John Boston | The Unintended Consequence of Hobos in Mojave

John Boston

There are things one can do as king that one cannot accomplish as congressman. Even with relatively absolute power, the intricacies of human nature appear to thwart the most altruistic and effective solutions. 

In the 19th century, alcohol abuse became such a national problem that it was destroying society. Drunken husbands beat cowering wives and once old Demon Rum took over mind, body and soul, well. It was nothing short of Gehenna. Husbands spent paychecks on booze instead of food and shelter. Prostitution flowered. But, an unintended consequence of the Temperance Movement was it organized women and paved a way for them to the vote. I think the jury’s still out on that one. Hard-core drinking is the hunger insatiable. From eventually outlawing alcohol came the rise of not just speakeasies, but organized crime and all its inherent deviltry. 

In a blink, my country, my culture, has changed. It’s as if some massive UFO mother ship passed over Santa Clarita and the lands beyond. The spacecraft sprayed aerosol that induces insanity, depravity and stupidity on a grand scale. One small aspect of this spritzing? Homelessness.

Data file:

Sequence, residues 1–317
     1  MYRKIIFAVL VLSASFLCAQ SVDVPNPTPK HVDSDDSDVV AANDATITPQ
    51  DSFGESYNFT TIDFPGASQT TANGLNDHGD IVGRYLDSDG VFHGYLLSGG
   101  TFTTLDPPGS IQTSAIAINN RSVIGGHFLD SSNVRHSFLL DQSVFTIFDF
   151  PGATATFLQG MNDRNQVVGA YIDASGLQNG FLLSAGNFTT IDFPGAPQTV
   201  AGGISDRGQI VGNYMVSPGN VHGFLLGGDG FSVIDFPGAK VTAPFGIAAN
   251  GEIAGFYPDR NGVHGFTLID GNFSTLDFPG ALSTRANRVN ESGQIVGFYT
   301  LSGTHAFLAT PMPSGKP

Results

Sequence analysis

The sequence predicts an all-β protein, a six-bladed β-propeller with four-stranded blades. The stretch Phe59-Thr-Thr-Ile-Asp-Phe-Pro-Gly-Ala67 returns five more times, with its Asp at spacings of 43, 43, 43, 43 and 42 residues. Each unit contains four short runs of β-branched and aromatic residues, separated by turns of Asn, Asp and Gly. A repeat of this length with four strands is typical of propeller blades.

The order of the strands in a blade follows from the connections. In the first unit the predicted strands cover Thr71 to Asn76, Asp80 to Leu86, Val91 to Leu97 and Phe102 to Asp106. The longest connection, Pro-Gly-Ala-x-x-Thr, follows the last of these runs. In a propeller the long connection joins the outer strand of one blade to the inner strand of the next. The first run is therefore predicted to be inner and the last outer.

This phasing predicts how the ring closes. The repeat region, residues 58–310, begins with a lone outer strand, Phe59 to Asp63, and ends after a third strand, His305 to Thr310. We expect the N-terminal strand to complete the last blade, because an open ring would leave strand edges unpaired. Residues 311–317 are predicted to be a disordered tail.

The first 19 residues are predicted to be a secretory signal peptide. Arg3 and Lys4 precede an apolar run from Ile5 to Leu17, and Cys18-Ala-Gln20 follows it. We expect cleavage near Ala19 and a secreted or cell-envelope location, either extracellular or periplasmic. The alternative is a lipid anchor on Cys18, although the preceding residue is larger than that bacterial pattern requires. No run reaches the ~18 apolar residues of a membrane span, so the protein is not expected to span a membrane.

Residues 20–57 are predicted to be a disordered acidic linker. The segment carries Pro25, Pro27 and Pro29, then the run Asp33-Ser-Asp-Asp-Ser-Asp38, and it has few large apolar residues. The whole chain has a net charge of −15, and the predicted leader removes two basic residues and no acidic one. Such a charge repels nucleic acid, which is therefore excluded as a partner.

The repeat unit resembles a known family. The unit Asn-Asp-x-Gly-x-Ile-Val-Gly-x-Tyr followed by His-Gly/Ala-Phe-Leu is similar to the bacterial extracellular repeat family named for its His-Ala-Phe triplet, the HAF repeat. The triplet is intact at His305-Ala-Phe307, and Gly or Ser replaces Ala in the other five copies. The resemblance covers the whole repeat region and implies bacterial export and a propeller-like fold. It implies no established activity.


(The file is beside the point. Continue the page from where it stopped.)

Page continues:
Chronic poverty is a spectrum wide and conniving, often a universal, self-fulling prophecy. Homelessness has unintentionally bred an imbecilic governing class that save for handing out the rare fresh doughnut, only seems to exacerbate the problem. I remember smiling sardonically at the time, watching one of the endless wringing-of-the-hands features on a L.A. TV station. They interviewed some 30-something surfer in Venice. Editing out a few dozen “Whoa, dude(s)…!” the suntanned wave catcher giggled about how stupid he’d have to be to get a job. After all. He made $35,000 a year in government benefits and that didn’t count all the odd cash jobs he did on the side that went unreported.  

There must be some government dumbness test people take for many of the jobs The Man offers. Officials hand out free tents, sleeping bags and sometimes syringes for the next government-sponsored hallucination. They’ll put up a person, hopeless family or drug fiend, in a hotel. Few people, at least those in power, seem to notice that under their watch, the problem just keeps getting worse. 

I have friends, right next door to Beverly Hills, in multi-million-dollar homes. They share stories of indigents taking up residence on their property. They all have stories of finding the homeless wandering around their abodes — not buried in the ivy, but INSIDE the house — going through closets, refrigerators, drawers. All my friends — artsy types, the ones who still might own a McGovern T-shirt — now carry guns. Then, they worry that some crazed bum might find the gun and use it on them. Worse? In defending their lives, should they shoot one, the victim might end up being sued for all they’re worth, which would, of course, make them homeless. 

It’s not just getting your heart rate pumping, finding an indigent uncomfortably curled in your bird bath. Besides being the harbinger of the end of civilization, too large a percentage are a deranged, dangerous, destructive and criminal force. And our politicians and bureaucrats greet them with open arms. Why? It allows the politicians and bureaucrats to secure and expand their power base by creating yet more useless programs.